Furthermore, protein is always needed in high quantities by our bodies. Typically, for CrossFit athletes and strength trainers, 1g of protein per pound of body weight is recommended. So in the hypothetical example of our 160-pound athlete, the protein consumption should be 160g per day.
Along with other macronutrients, fat is equally integral in enhancing Crossfit performance. Our bodies rely on fats to regulate hormones, which control many processes. As a general rule, 0.3 g of fat per pound of body weight is the minimum recommended amount you can consume per day.
But once you have consumed the minimum amount of fat, consuming more fat will not contribute to your training. However, they can help you reach your calorie goal as they are easy to eat and contain more calories than protein and carbohydrates (1 g of each; protein and carbohydrate contain 4 calories while 1 gram of fat contains 9 calories)
In order to calculate your fat intake, you must first work out how many calories you consume with the recommended amounts of protein and carbs. Then divide the remaining calories by 9 to calculate your recommended fat intake which should be higher than the minimum.
Additionally, If fat is kept at a minimum and you’re trying to reach your calorie requirement, you can eat less fat and more carbs. Therefore, to achieve optimal health, you should first focus on your calorie intake and then on macro splits.
Having trouble determining ‘when to eat what’ is a problem for many active people like CrossFit athletes and strength trainers. The majority of us are aware that we should have a meal before and after working out, but how long should we wait before consuming food? Is there a particular type of food we should eat? Does nutrient timing really impact your Crossfit performance?
Ideally, you should be hitting your calories and macros consistently, but timing your nutrition can help you perform better. If you fail to do so, your CrossFit performance will likely suffer. The nutrient timing system is divided into the following four distinct phases:
You won’t be able to perform your best if you work out on an empty stomach, so make sure you fuel yourself appropriately before training. It is, therefore, recommended by fitness experts, to eat a medium-sized meal three to four hours before a workout, along with some protein and fast-digesting carbohydrates 30 minutes beforehand.
In addition, if you’re working out in the morning that would mean skipping the meal, but make sure to fuel yourself at least 30 minutes before the workout. In your pre-workout meal you can have oatmeal topped with delicious berries, carb supplement shakes, plain greek yogurt (with or without honey), and apples with almond butter or raisins.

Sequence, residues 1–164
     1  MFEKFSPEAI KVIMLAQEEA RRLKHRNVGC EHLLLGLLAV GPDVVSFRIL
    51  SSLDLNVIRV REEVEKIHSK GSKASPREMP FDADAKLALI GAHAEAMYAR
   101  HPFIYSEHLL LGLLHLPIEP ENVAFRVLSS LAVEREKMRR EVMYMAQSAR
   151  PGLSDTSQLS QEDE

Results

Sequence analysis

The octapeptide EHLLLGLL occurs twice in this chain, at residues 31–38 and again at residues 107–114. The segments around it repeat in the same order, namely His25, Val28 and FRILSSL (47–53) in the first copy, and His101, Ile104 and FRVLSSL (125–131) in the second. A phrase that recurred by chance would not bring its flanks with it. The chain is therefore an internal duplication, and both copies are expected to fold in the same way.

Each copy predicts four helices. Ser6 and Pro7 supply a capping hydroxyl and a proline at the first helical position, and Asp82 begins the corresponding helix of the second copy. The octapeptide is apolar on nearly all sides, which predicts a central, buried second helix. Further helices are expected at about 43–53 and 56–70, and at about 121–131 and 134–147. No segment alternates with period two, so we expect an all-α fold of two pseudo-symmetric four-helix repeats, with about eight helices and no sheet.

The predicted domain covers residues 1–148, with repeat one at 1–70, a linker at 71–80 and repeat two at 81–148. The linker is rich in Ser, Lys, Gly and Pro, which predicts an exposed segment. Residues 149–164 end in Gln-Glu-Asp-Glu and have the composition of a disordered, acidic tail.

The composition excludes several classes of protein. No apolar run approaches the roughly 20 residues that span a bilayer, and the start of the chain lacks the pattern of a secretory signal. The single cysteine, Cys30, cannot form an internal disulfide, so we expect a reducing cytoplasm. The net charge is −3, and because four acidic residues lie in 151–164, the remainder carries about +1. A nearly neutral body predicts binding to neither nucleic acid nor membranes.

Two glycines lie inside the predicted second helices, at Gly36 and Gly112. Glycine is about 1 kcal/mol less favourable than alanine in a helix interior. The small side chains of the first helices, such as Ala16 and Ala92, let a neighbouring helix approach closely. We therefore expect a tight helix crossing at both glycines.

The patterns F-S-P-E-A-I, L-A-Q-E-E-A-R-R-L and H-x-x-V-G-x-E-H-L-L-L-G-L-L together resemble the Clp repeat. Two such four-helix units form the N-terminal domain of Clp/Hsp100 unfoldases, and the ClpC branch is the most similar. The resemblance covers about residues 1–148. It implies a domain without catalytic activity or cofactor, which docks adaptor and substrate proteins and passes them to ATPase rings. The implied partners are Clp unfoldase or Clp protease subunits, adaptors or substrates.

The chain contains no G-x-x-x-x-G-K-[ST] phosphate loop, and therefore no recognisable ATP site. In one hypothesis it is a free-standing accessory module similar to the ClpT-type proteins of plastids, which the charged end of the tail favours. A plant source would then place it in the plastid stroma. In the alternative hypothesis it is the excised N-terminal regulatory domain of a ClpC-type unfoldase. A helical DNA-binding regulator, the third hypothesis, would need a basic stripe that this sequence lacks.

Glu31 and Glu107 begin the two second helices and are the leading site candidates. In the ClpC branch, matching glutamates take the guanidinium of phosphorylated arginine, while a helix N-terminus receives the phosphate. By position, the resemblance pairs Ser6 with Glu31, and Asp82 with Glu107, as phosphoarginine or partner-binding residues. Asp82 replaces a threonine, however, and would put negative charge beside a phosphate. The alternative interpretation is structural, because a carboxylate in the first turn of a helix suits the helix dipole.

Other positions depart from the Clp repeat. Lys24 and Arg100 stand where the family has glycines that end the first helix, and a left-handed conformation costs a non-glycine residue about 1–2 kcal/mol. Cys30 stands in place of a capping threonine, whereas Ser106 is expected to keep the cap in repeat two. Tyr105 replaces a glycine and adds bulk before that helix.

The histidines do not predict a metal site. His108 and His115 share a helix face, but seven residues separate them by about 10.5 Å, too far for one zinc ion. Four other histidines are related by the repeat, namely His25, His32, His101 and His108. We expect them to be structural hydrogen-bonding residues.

For an intra-workout meal, you might benefit from consuming carbohydrates and protein during a workout lasting more than 1 hour. A quick-digesting carbohydrate should be consumed with a small amount of a fast-digesting protein (e.g. whey). You should, therefore, adhere to the rule of not exceeding 5-10% of your daily protein intake and slightly less than your maximum carbohydrate intake per hour (0.3g/lb).
If you have just completed a workout, you should eat something to start the recovery process. Following recent training, your muscles are especially sensitive to carbs, so it’s the best time to consume carbs for energy replenishment since this sensitivity gradually decreases over the next 3-6 hours. Additionally, protein and carbohydrates must be consumed together for muscle repair to begin. Fats must also be kept to a minimum in order to digest carbohydrates efficiently.
When you eat the right kind of food before bed, you can have a better night’s sleep. But If you eat too close to bedtime or consume the wrong type of food, you may experience gastrointestinal distress and sleep disturbances. It is, therefore, suggested to have protein before going to bed as it helps in quick recovery overnight.
Moreover, consuming a little bit of fat slows down the digestion of protein, which is a benefit in itself. However, it can cause you to have disturbed sleep. So, try to be aware of this and monitor how things turn out for you. Generally, you should have a bedtime snack such as casein protein with low fat or alternative milk before going to bed since it is a slow-digesting protein.